Comfort For The Grieving

Recently my thoughts have been sobered by the death of an acquaintance. We hear about death often on the news, but it is not until it comes close to home that we stop and soberly ponder the subject. As my saddened heart reflected on the subject, I remembered a sermon I preached several years ago from Genesis 23:1-2. The verses read, “And Sarah was an hundred and seven and twenty years old: these were the years of the life of Sarah. And Sarah died in Kirjatharba: the same is Hebron in the land of Canaan: and Abraham came to mourn for Sarah, and to weep for her.” As I reflected on the message I preached from these verses, they comforted my heart. If you will take a few minutes to reflect on it as well, I believe it will comfort your heart as it did mine.

Death is Unavoidable

Sarah was a godly woman. She is the only woman in the Bible to have her age at death recorded. God praises her in 1 Peter 3:6 for her obedient example as a wife. Again God praised her as a woman of faith in Hebrews 11:11. Yet at 127, she died. Even for such a godly woman, death was unavoidable. There are two questions that surface as we think on this.

What is death? Man is a three-part being. Our bodies are material and our souls and spirits are immaterial. Death occurs when our immaterial soul and spirit leave our material body.

Why is death unavoidable? Why can’t we avoid it? Since the moment Adam and Eve sinned, the death process has been in action. They instantly died spiritually and instantly began to die physically. (Romans 5:12) “Wherefore, as by one man sin entered into the world, and death by sin; and so death passed upon all men, for that all have sinned:” Death is the divine judgment of wilful disobedience. (Hebrews 9:27) “And as it is appointed unto men once to die”

Mourning is Natural

When Sarah died, her husband Abraham mourned and wept. His mourning and weeping were proper and becoming, intense and sincere, limited and restrained.

We ought not deny that death brings sorrow. It does. Its pain is real. Its loss is genuine. Even Jesus experienced this as his cousin John the Baptist died and as He himself prepared for death. From these events in Christ’s life, we find six practical lessons on how to cope with the pain of death.

  1. Spend time alone (Matthew 14:13,23). After John’s death, Jesus sought to be alone to pray. Use this time to reflect on the lost loved one’s life as well as our own (past – present – future). Ask yourself questions like, “What if it had been me?” “Would I have been ready?” “What am I doing with my life for God?” “Am I distinguishing between the important and trivial?” (Psalms 90:12) “So teach us to number our days, that we may apply our hearts unto wisdom.”
  2. Don’t be afraid to show emotion. Abraham wept for Sarah and Jesus wept when Lazarus died (John 11:35). “Broken bones take time to heal and broken hearts take even longer.” As Christians, our sorrow need not be as painful as for the unsaved. (1 Thessalonians 4:13) “But I would not have you to be ignorant, brethren, concerning them which are asleep, that ye sorrow not, even as others which have no hope.” The loss of a believing loved one is not hopeless as he is absent from the body and present with the Lord (2 Corinthians 5:8).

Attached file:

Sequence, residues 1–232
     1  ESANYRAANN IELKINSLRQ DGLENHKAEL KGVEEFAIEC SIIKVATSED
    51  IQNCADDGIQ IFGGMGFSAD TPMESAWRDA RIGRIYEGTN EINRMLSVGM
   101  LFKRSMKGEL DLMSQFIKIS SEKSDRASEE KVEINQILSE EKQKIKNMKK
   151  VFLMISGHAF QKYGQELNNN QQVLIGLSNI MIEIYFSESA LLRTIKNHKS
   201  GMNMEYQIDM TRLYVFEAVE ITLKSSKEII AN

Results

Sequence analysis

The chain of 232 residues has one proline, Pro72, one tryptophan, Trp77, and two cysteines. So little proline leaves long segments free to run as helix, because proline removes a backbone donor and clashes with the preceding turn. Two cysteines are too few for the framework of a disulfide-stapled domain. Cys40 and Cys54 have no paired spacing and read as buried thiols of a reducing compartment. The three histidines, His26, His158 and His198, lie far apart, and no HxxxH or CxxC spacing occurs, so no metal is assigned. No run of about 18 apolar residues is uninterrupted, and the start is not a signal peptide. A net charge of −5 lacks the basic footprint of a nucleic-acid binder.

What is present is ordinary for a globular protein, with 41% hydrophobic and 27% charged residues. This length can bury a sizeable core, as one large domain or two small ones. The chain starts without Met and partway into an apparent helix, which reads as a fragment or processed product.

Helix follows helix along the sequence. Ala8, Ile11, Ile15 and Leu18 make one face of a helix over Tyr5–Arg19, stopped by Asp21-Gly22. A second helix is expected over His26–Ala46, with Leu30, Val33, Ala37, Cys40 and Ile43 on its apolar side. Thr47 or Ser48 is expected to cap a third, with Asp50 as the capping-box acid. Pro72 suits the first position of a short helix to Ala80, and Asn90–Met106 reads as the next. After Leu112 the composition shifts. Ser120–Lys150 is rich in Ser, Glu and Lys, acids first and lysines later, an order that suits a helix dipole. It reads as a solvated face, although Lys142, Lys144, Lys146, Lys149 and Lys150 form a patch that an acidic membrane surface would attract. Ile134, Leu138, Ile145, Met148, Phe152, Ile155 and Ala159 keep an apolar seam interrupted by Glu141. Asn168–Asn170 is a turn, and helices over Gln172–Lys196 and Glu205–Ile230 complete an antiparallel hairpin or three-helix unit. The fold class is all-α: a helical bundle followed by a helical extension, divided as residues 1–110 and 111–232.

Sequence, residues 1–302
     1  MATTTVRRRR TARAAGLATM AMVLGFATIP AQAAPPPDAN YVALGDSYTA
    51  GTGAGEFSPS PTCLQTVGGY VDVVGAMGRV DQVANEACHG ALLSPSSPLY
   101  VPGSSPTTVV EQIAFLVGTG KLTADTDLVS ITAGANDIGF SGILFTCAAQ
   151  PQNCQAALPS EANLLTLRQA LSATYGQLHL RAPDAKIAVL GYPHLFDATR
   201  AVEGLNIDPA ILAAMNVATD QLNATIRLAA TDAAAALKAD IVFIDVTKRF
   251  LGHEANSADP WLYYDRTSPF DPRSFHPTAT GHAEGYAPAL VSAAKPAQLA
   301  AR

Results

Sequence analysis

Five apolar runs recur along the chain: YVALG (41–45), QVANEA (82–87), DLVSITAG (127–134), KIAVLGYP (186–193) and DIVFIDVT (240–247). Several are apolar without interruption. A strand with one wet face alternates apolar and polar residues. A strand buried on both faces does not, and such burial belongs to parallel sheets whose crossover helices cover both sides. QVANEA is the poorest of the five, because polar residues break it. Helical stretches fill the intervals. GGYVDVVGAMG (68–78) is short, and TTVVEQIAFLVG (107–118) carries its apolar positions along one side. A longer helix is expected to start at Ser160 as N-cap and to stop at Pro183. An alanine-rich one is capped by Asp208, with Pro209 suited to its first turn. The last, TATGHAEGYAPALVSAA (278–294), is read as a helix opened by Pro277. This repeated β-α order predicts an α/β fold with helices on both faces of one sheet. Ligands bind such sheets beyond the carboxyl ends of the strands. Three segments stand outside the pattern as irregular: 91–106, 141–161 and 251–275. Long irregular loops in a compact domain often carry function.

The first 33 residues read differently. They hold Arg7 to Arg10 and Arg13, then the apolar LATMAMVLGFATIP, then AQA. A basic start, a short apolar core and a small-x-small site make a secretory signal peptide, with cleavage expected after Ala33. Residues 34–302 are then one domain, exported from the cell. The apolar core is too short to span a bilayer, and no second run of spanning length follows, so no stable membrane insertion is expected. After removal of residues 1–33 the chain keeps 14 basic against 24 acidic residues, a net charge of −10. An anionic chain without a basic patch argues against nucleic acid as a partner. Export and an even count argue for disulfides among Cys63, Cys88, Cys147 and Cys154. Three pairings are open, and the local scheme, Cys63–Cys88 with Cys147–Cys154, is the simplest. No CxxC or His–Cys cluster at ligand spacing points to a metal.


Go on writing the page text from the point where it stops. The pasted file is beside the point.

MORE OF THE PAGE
3. Remember that sorrow is only temporary. (Psalms 30:5) “weeping may endure for a night, but joy cometh in the morning.” God will resurrect true Christians. One day He will wipe away all tears (Revelation 21:4).
  4. Share your sorrow with a friend. In Matthew 26:37, Jesus spent his sorrowful hours with his friends. True friends will quietly comfort you. Pour your heart out to them. (Romans 12:15) “Rejoice with them that do rejoice, and weep with them that weep.”
  5. Accept death as God’s will (John 3:16). Christ’s death was God’s will. God makes no mistakes.
  6. Resume a normal schedule as soon as possible (Matthew 14:14). Jesus did not spend prolonged time mourning, but turned his attention to the needs of others.

Preparation Is Invaluable

Though death is unavoidable and mourning is natural, we need not fear death if we are prepared. To help us prepare for death, we must understand two Bible facts.

Death is not the end, but the door to eternity. We all will live eternally in one of two places – heaven or hell. There is no exception. Jesus described death as passing through a gate. The wide gate opened into destruction and the narrow gate to everlasting life (Matthew 7:13-14; see also Luke 16:19-31). Hebrews 9:27 tells us, “And as it is appointed unto men once to die, but after this the judgment:” Death seals our destiny. Those without Christ will be condemned (Revelation 20:15).

Death is no respecter of persons and could call you today. We all know this to be true, but somehow we think we’ll be an exception. RIGHT NOW is the best time for you to prepare for death.

If you will admit you are a sinner, believe that Christ died for you, and ask Him to save you and make you His child, He will (John 20:31). “But these are written, that ye might believe that Jesus is the Christ, the Son of God; and that believing ye might have life through his name.”